Reaching towering heights of up to 4m, Common Reed is the largest native grass species and it dominates reed vegetation in slow-moving to stagnant wetlands ponds and backwaters. Expansive reed sedimentation zones can be found in the Lower Lobau area of the Donau-Auen National Park.
This perennial grass grows from a network of stout, creeping white rhizomes and can reach 4m in height. The stiffly erect stem is composed of a series of round hollow tubes separated by knotty growth. Roots may be formed around this growth. The bluish-green leaves are attached to the stem by a smooth sheath; leaf arrangement is alternating. Leaf blade is up to 3cm wide. The leaf sheath exhibits a wreath-like growth with short, stiff hairs; this is where the smaller but otherwise similar Reed Canary Grass has a clearly-developed leaf membrane. The flower spikelets have reddish-brown to purple flowers which face in one direction; the spikes are significantly longer than the leaves. Fruits of the plant are hairy and dispersed by wind.
Common Reed is found around the world. It is local to all Austrian provinces, from lower elevations to montane levels and even into sub-Alpine regions. The Common Reed colonizes the sedimentation zones of stagnant and slowly-moving waters, marshy meadows, nutrient-rich bogs and other sites close to the ground water, such as fields located near former creek sections which have now been reclaimed by plants.
Endangerment and Conservation Status
The species is not vulnerable yet is in decline in some areas due to drainage of waters, removal of shore vegetation, and increasing number of (artificial) fish ponds.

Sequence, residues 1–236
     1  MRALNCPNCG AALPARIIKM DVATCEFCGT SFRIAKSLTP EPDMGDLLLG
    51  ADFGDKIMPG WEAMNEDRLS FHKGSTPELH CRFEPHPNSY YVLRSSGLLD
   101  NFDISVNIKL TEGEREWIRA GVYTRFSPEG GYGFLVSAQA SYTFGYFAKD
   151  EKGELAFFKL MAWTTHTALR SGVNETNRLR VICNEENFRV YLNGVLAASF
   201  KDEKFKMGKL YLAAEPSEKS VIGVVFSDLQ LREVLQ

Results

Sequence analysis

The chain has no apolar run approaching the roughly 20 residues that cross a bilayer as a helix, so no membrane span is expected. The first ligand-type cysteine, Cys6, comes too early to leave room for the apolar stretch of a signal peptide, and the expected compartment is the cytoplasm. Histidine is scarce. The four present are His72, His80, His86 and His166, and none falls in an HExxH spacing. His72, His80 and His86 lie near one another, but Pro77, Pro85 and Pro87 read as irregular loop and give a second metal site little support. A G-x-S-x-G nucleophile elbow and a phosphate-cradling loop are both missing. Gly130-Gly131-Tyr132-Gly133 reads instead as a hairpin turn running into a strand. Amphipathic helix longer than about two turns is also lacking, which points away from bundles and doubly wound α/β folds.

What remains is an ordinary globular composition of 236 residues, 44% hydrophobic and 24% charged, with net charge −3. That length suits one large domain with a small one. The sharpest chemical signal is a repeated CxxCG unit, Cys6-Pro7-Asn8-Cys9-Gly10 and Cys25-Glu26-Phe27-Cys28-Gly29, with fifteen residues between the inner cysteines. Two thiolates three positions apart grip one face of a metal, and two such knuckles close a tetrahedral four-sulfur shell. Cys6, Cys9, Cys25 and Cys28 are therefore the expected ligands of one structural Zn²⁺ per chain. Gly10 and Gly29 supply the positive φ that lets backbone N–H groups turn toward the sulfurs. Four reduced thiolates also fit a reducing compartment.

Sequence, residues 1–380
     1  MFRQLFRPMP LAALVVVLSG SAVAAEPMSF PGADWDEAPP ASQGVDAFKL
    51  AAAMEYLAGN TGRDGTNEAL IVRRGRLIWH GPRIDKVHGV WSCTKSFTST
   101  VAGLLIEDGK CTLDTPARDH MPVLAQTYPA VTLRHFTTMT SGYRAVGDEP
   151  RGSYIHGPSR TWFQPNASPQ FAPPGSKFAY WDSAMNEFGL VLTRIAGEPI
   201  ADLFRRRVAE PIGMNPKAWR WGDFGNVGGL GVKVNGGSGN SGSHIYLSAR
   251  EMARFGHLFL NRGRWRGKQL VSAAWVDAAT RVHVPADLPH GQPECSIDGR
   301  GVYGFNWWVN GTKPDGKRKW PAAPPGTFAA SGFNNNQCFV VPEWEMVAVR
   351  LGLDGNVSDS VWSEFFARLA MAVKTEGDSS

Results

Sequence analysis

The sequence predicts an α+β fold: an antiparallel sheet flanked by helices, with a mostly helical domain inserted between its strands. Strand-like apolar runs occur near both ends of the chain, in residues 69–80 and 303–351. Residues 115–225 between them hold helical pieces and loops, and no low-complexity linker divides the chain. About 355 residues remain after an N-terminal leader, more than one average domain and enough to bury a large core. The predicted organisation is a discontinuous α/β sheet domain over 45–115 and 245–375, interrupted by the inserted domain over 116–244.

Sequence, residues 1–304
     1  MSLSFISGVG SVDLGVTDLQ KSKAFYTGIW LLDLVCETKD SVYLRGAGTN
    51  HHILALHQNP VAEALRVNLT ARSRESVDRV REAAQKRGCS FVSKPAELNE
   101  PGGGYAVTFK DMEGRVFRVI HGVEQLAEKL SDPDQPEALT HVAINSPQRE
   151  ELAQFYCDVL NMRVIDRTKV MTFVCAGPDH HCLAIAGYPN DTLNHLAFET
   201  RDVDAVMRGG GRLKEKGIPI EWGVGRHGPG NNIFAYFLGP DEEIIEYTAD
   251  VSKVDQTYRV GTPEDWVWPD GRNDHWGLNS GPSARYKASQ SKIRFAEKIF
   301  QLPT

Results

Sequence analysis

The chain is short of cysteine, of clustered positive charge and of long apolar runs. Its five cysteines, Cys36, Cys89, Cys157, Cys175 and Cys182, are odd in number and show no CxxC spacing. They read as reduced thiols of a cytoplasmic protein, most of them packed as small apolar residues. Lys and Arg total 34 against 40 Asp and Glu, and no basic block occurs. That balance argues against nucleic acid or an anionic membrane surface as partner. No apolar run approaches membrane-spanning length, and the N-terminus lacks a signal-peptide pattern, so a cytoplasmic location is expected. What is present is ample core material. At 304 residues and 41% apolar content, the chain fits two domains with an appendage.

The vegetation period of the Common Reed begins relatively late in the year. This perennial grass grows from its powerful system of rhizomes and can reach 4m above water and can penetrate 2m into the water. Leaves can only be assimilated and dropped from the air after they have been flooded for a longer period of time. The hollow, many-chambered blades act like a type of snorkel, transporting oxygen to the rhizomes creeping down in the mud. Many other micro-organisms which would not otherwise survive in the sludge profit from this oxygen supply, which also speeds the decomposition of organic material. The Common Reed begins to flower late, between July and October. Its seeds mature in the winter and germinate in bare dry mud banks; the timing of seed dispersal is thus dependent on lower water levels found in winter. Only a small percentage of the seeds dispersed by wind is actually fertile; Common Reed reproduces mainly by vegetative means through continued growth of its rhizomes.
Throughout history, reed has always been put to practical use in a variety of ways. Today, it is still used as roofing material for dwellings, as interwoven mats for plastering walls, and even as fuel. In the Danube delta, fibres of the plant are used to produce paper after removal of silica. Parts of the plant are used in fodder, and the starchy rootstock can be utilized in the brewing of beer and other alcoholic beverages. Its ashes are often used in mineral-based fertilizers. Common Reed is even put to use in some wastewater treatment plants which use natural, plant-based means to purify water. In addition to these primary benefits, reed beds also provide a habitat for a wide variety of birds – particular types of Bitterns and warblers – which means they provide an invaluable service in the maintenance of the ecosystem.